The name Mamadaviti literally means “Father David”, and relates to one of the thirteen Assyrian Fathers, Holy Father David Garejeli. Tbilisi’s famous mountain also got the name of Mtatsminda (“Holy Mountain”) in honor of the Holy Mountain of Athos, around the IX century, reflecting a common Georgian practice of naming Christian churches and surroundings after holy places in Greece and Palestine.
The idea to establish a pantheon first arose in 1915, but the pantheon was only opened officially in 1929, to mark the 100th anniversary of the death of the Russian poet Alexander Griboyedov, who was buried here in accordance with his will.
53 people who left their footprint on Georgian history in XIX-XX centuries are buried at Mtatsminda Pantheon, including public figures, writers, artists, and scientists. The monuments and busts were made by famous Georgian sculptors including Iakob Nikoladze, Elguja Amashukeli, Merab Berdzenishvili.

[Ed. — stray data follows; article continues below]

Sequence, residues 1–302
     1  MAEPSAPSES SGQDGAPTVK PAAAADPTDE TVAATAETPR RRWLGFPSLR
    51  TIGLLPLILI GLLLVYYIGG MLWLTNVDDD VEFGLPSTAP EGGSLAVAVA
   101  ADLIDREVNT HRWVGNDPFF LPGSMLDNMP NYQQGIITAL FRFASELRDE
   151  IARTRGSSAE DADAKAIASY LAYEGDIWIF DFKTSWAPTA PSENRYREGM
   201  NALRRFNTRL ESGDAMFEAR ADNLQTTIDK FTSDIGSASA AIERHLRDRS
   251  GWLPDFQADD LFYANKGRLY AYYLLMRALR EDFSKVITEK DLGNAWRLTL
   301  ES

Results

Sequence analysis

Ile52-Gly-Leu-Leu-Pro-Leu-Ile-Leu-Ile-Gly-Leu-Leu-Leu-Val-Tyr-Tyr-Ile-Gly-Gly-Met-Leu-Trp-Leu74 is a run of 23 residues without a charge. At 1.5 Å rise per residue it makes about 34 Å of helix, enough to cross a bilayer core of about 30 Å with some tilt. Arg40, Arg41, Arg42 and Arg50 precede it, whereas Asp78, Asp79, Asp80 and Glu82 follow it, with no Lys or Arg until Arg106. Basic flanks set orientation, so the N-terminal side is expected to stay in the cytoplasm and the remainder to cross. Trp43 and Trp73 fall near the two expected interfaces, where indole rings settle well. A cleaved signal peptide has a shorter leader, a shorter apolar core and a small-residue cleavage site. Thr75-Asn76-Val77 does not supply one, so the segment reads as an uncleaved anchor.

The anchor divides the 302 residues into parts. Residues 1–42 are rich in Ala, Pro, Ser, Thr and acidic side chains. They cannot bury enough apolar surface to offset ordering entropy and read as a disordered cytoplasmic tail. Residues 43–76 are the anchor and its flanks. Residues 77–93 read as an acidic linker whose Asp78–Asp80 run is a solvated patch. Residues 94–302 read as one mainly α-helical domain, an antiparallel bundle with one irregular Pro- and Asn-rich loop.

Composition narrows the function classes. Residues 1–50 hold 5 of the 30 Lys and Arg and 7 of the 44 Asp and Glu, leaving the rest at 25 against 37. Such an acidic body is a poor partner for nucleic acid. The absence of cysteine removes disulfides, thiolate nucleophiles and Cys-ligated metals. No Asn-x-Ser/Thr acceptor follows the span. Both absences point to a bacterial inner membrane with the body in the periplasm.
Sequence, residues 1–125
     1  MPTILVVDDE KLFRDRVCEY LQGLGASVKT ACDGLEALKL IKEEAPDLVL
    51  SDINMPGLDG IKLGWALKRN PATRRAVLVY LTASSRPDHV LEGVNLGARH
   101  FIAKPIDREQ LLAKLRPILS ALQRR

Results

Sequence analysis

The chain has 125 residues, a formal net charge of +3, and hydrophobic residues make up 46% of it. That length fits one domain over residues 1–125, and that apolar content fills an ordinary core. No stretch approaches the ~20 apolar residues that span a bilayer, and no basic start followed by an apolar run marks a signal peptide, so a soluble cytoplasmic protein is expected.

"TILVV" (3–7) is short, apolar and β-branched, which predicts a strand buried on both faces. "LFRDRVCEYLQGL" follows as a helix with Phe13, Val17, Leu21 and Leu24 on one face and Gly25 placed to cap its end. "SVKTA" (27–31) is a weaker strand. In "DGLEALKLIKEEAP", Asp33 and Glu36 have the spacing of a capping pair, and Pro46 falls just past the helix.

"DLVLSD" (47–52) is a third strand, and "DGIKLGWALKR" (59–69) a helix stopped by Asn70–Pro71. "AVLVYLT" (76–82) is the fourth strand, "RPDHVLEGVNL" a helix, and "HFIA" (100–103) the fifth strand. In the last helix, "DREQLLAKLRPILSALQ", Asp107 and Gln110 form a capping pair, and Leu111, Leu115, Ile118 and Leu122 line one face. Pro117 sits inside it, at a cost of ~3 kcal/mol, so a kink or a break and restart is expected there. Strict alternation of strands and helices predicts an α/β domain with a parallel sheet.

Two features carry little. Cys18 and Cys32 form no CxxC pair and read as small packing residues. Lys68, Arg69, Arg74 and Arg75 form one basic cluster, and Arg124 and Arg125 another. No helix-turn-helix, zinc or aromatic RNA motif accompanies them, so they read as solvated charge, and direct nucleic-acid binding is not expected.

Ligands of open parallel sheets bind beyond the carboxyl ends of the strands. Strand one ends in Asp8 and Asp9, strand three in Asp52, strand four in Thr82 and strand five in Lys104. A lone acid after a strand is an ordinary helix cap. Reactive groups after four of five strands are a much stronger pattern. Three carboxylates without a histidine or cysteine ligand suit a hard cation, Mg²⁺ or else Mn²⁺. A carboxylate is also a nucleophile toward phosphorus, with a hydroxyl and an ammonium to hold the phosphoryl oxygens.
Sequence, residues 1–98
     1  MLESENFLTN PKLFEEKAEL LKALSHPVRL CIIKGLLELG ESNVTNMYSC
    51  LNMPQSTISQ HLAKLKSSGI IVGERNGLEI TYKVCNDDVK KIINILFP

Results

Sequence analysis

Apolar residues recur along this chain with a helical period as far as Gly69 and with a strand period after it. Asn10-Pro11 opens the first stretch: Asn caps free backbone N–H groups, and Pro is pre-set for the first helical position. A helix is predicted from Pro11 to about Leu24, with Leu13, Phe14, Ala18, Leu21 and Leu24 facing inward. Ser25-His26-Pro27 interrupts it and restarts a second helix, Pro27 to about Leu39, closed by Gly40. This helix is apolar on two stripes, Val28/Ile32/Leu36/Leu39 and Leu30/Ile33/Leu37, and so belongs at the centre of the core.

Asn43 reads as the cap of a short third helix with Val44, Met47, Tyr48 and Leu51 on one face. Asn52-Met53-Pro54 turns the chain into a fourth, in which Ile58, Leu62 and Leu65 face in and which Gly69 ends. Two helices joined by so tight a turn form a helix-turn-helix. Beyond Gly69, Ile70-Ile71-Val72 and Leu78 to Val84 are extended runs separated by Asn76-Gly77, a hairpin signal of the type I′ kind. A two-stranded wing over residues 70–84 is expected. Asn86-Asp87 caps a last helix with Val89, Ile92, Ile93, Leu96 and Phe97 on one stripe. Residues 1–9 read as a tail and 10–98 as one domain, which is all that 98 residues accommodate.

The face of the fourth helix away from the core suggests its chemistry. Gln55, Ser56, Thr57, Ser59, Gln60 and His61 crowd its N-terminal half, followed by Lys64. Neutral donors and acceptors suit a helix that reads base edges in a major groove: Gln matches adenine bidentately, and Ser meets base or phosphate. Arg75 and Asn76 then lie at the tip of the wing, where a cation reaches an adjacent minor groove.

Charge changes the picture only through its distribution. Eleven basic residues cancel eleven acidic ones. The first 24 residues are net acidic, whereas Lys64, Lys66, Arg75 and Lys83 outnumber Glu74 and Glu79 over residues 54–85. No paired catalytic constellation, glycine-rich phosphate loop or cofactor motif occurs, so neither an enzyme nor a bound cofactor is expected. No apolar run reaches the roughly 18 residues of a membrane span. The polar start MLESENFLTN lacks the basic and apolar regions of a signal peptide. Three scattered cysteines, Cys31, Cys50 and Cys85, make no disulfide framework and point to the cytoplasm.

Of particular importance is the grave of Ilia Chavchavadze, a famous Georgian writer dubbed the “uncrowned king of Georgia”. The sculpture on his grave is called “Grieving Georgia” and depicts a woman in grief. The sculptor was Iakob Nikoladze, the founder of Georgian sculpture who studied from Auguste Rodin. Nikoladze created the monument in 1909 in Paris, two years after Chavchavadze was murdered.